How to make a roman ship with popsicle sticks

Written by jacob stover
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How to make a roman ship with popsicle sticks
(Dynamic Graphics Group/Dynamic Graphics Group/Getty Images)

Popsicle sticks are often viewed as nothing more than garbage, however with a little bit of effort, these wooden sticks can be turned into works of art. Creating a ship out of Popsicle sticks is a classic children's craft project that can lead to ships that actually float on water. By studying the design of various ancient Roman ships, you can create a model that reflects the style and building constraints of ships during that era. Creating your own model Roman ship out of Popsicle sticks should take less than an hour to complete.

Skill level:
Moderately Easy

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Things you need

  • Newspaper
  • Popsicle sticks
  • Glue
  • Scissors
  • Sail material (Cling film, aluminium foil, construction paper or newspaper)
  • Decorative materials (optional)

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  1. 1

    Study images of Roman ships to get an idea of what style ship you would like to make. Examine the differences between warships and trade ships, and try to consider how ancient Romans would put together these large vessels without the help of modern technology.

  2. 2

    Lay a sheet of newspaper over your workplace; this will ensure that you do not leave a mess while working.

  3. 3

    Place 4 to 6 Popsicle sticks next to each other in a row. Glue these sticks together to create a base for your ship. Allow the glue to dry before attempting to move the base.

  4. 4

    Glue together an identical number of sticks in the same manner as before. This set of sticks will act as the upper level of your roman ship.

  5. 5

    Glue together two sections of 2 to 4 Popsicle sticks each to serve as the sides of your roman ship. Take into consideration what kind of ship you are making a model of when deciding how large to make the sides of the ship. If you are making a warship, the sides should be thick and deep to represent the underbelly of the ship, which would contain sleeping quarters and a large crew. If you are making a model of a trade ship, the sides can be much smaller, as these ships only carried a small crew and used most of their space for cargo. Keep in mind that while both trade ships and warships had a comparable width, warships were much longer to allow for faster rowing speeds.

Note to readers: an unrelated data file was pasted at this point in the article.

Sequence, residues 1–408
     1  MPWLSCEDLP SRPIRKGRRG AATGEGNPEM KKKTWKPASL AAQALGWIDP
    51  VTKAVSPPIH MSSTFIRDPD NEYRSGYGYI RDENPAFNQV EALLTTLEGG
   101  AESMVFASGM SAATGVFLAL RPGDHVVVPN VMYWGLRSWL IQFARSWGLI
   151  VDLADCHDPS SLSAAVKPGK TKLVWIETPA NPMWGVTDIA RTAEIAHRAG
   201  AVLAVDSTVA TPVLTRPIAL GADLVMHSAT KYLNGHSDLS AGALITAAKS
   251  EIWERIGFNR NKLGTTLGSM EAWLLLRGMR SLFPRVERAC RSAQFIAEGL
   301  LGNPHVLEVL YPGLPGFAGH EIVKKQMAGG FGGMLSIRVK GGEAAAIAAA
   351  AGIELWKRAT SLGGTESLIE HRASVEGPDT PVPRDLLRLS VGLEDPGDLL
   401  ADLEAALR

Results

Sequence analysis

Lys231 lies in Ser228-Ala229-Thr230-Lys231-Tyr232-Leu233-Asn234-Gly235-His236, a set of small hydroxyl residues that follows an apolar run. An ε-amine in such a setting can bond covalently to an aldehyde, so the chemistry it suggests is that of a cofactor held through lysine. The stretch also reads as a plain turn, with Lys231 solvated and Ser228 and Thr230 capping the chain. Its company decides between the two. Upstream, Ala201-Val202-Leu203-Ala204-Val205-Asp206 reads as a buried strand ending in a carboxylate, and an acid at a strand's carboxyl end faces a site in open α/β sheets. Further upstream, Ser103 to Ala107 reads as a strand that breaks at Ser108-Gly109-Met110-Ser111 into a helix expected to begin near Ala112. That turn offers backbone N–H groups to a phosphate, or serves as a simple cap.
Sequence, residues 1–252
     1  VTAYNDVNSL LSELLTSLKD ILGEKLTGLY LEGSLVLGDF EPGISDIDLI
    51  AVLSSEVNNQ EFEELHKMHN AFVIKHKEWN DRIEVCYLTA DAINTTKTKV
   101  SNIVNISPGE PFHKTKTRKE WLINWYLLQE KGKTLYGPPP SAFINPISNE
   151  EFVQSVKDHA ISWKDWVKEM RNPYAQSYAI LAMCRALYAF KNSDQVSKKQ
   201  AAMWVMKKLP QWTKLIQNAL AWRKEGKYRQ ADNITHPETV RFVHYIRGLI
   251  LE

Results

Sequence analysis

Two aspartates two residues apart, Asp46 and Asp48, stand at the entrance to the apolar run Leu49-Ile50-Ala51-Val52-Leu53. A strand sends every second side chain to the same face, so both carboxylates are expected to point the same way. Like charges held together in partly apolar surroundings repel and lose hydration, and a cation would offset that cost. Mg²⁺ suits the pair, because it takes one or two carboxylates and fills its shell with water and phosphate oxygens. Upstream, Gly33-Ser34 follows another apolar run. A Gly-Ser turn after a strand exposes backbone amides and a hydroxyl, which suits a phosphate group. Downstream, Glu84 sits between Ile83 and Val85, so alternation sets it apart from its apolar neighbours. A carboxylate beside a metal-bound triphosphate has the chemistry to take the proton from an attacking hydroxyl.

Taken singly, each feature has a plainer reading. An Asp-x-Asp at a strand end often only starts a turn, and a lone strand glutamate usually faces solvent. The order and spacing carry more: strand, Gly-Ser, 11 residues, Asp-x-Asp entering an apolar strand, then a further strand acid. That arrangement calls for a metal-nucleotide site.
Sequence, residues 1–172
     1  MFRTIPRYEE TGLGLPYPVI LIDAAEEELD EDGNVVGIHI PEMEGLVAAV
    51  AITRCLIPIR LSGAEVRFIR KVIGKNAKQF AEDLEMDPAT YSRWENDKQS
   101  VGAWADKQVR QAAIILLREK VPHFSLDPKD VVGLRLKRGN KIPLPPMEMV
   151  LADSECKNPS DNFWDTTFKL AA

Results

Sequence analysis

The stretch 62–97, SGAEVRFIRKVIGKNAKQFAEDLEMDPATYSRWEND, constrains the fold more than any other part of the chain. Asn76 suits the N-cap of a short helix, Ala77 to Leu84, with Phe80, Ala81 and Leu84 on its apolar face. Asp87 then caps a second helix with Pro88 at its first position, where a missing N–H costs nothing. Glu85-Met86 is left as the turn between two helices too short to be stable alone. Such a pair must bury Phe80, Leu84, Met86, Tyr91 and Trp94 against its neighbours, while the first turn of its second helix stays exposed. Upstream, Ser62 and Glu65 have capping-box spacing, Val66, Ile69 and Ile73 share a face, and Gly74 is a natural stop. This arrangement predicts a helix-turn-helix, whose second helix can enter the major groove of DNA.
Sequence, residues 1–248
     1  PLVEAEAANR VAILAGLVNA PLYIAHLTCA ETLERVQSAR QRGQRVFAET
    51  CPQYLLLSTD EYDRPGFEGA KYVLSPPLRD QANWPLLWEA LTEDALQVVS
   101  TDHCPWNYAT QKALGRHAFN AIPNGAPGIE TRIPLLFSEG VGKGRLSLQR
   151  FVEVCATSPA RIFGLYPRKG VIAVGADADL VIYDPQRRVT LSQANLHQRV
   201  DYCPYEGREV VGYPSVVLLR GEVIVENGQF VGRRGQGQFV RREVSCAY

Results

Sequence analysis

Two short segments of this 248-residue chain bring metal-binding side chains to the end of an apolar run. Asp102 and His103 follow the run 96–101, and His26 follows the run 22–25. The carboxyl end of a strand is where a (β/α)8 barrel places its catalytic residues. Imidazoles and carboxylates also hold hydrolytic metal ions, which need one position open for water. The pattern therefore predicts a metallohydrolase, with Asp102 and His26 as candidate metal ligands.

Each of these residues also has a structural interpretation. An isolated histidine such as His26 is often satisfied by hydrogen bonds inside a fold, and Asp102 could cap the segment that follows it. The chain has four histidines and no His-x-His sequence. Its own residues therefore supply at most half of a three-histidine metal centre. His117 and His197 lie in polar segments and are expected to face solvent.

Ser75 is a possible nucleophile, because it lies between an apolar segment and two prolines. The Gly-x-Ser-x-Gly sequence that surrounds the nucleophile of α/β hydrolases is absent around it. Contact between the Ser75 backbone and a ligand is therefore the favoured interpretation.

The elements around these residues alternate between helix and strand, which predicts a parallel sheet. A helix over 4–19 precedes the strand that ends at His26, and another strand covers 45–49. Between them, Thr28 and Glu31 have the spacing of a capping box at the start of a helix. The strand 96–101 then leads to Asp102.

6. 6

    Affix the side sections of your boat to the left and right sides of the base section. Use an ample amount of glue at the joining edges to ensure that a firm connection is made. Once the sides are firmly glued in place, you can affix to top section to the sides.

  7. 7

    Gather 4 to 8 Popsicle sticks and cut them down the centre vertically. This will be used to represent the rowing oars. These oars can be glued to the edges of the top section, angled down toward the floor leading away from the ship. Make sure to use an equal number of oars on both the left and right sides of the ship.

  8. 8

    Create a front section for your ship. The front potion of a ship is usually referred to as the "bow" of the ship. Ancient Roman ships often featured very ornate bows, which came in a wide variety of shapes and patterns. Depending on your materials, you may find it difficult to directly reproduce the wide range of bow styles that were found on ancient ships. For a simple, yet ornate bow, cut three Popsicle sticks in half horizontally. Angle the halves together so that they form a point at one end, and glue the point together. Glue the back end of this piece to the front section of your boat to create a triangular bow that can be embellished with craft supplies, paint or markers.

  9. 9

    Create a rear section for your boat. The rear section of a ship is usually referred to as the "stern." The stern designs on Roman ships varied widely based on their use and place of origin. Some ships featured very ornate sterns to match their bows; other ships had a very plain stern without any embellishment. You can create a flat back wall by simply gluing together Popsicle sticks as you did for the base and sides of your ship. If you wish to have an ornate stern, simply create a second triangular section to match the bow design in Step 8. Once your stern has dried, you can affix it directly to the back of the ship base to complete the body of the ship.

  10. 10

    Create a sail for your ship. Larger ships sometimes featured two sails, while smaller ships would usually suffice with a single sail. Create a simple sail for your ship by making an "L" shape out of two Popsicle sticks. Glue a section of cling film, aluminium foil, construction paper or newspaper into the triangle shape to serve as the material for your sail. Once the sail material has dried you can use your scissors to cut away any excess material for a cleaner looking sail. Glue the sail directly to the top section of your ship by anchoring the leg of the "L" shape to the floor of top section. You may want to lay the ship on its side while the sail dries to avoid it drooping at an unusual angle. Once the sail has dried you can add final embellishment with paint, markers and other craft supplies that may be available.

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